Ordering seafood tonight? Think twice about having the grouper.
Twenty of 162 grouper species are potentially threatened with extinction, according to the first comprehensive assessment of the fish, released this month. The groupers decline is driven by a lack of proper fisheries management and by overfishing both fueled by our appetite for the fish.
Overfishing Weakens Job, Food Security
Consumers pay as much as $50 per kilogram for grouper, but the true cost will be much greater if we harvest them until there are none left to eat. The declining fish populations that result from unsustainable fishing can threaten food security, especially in Southeast Asia, where 1 billion people rely on fish as their primary protein source.
As North American cod fishermen have already experienced, job security is also a concern.
Overfishing could decimate another major food and economic resource for humans, similar to the loss of the cod stocks off New England and Canada that has put thousands of people out of work, says Roger McManus, senior director of the marine program at Conservation International (CI).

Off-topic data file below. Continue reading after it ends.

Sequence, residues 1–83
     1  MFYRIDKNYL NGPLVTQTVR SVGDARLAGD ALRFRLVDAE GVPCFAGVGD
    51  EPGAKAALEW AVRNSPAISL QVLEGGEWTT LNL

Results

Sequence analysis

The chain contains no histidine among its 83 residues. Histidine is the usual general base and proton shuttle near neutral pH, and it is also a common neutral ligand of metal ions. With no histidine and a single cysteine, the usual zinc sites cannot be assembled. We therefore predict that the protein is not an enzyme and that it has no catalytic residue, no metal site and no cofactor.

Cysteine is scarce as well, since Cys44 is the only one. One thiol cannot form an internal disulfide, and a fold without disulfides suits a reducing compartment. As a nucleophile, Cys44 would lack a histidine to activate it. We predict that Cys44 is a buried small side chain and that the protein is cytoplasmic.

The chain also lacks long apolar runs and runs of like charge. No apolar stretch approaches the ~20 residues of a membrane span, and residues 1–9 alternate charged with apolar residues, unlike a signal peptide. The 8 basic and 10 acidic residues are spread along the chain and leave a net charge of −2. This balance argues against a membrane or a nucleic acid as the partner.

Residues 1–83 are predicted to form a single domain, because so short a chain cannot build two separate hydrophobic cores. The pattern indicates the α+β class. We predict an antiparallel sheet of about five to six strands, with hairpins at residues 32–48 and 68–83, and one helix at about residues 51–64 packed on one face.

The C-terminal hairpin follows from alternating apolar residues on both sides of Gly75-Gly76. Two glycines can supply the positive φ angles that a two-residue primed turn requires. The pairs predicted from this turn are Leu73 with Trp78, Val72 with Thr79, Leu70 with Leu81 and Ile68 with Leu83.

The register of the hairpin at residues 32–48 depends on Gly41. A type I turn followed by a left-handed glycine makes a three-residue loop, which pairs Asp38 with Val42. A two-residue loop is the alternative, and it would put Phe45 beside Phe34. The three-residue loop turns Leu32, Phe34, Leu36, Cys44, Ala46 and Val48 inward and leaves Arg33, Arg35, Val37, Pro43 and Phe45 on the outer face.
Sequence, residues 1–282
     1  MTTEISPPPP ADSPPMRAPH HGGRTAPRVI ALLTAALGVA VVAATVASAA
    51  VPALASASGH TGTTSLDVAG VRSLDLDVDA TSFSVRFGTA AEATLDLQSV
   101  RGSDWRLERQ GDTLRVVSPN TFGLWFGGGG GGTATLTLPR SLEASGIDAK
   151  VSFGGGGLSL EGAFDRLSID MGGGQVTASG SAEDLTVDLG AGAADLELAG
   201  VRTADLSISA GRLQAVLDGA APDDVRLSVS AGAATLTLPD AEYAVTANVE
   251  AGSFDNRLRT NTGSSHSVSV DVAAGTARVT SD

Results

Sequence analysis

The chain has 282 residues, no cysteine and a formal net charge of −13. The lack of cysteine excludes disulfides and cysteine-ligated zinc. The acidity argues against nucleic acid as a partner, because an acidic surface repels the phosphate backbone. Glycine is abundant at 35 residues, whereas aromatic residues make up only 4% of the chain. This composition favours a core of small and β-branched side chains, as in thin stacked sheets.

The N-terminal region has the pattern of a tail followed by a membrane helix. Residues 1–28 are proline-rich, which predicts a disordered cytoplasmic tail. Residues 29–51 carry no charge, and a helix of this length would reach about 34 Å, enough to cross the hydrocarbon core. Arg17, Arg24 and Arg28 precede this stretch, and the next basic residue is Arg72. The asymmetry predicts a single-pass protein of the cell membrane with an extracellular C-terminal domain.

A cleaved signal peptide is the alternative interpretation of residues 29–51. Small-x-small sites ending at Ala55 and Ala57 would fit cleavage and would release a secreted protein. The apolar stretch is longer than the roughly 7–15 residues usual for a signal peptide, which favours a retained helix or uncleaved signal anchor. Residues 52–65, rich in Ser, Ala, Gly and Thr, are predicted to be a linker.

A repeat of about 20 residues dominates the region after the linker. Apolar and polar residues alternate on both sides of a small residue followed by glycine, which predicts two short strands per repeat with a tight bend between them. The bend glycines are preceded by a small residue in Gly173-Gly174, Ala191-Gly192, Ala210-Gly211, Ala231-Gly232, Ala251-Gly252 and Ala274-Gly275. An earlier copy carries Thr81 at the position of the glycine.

The grouper assessment is part of an ambitious, ongoing series called the Global Marine Species Assessment (GMSA), which will study the state of nearly 15,000 marine species by 2010. CI has been working alongside the World Conservation Union (IUCN) and numerous other partners to lead the effort and help international scientists analyze threats to ocean species.
Groupers are mainstays in a multimillion-dollar live fish trade based in Hong Kong. The Nassau grouper (Epinephelus striatus), once one of the most commonly landed groupers in the islands of the Western Atlantic Ocean, is already categorized as Endangered on the IUCN Red List of Threatened Species and has virtually disappeared from most Caribbean reefs.
Protection Beyond Protected Areas Required
Groupers are naturally vulnerable to overfishing. Several species do not reach reproductive maturity until later in life and could be fished out before they have a chance to reproduce. Additionally, commercial fishing often targets the reproductive gatherings of adults, further preventing unmanaged populations from being replenished.
Based on GMSA science, CI hopes to conserve the fish by better protecting and managing the waters in which they live. Grouper findings highlight the need to better protect outer reef areas beyond the boundaries of marine protected areas, and to manage spawning aggregations of many of the threatened grouper species.
The results are worrying and highlight the urgent need for fisheries management, more effective marine protected areas, and more sustainable eating habits for consumers of these fishes, Dr. Yvonne Sadovy, chairwoman of the IUCN Grouper and Wrasse Specialist Group, director of the Society for the Conservation of Reef Fish Aggregations, and associate professor at Hong Kong University.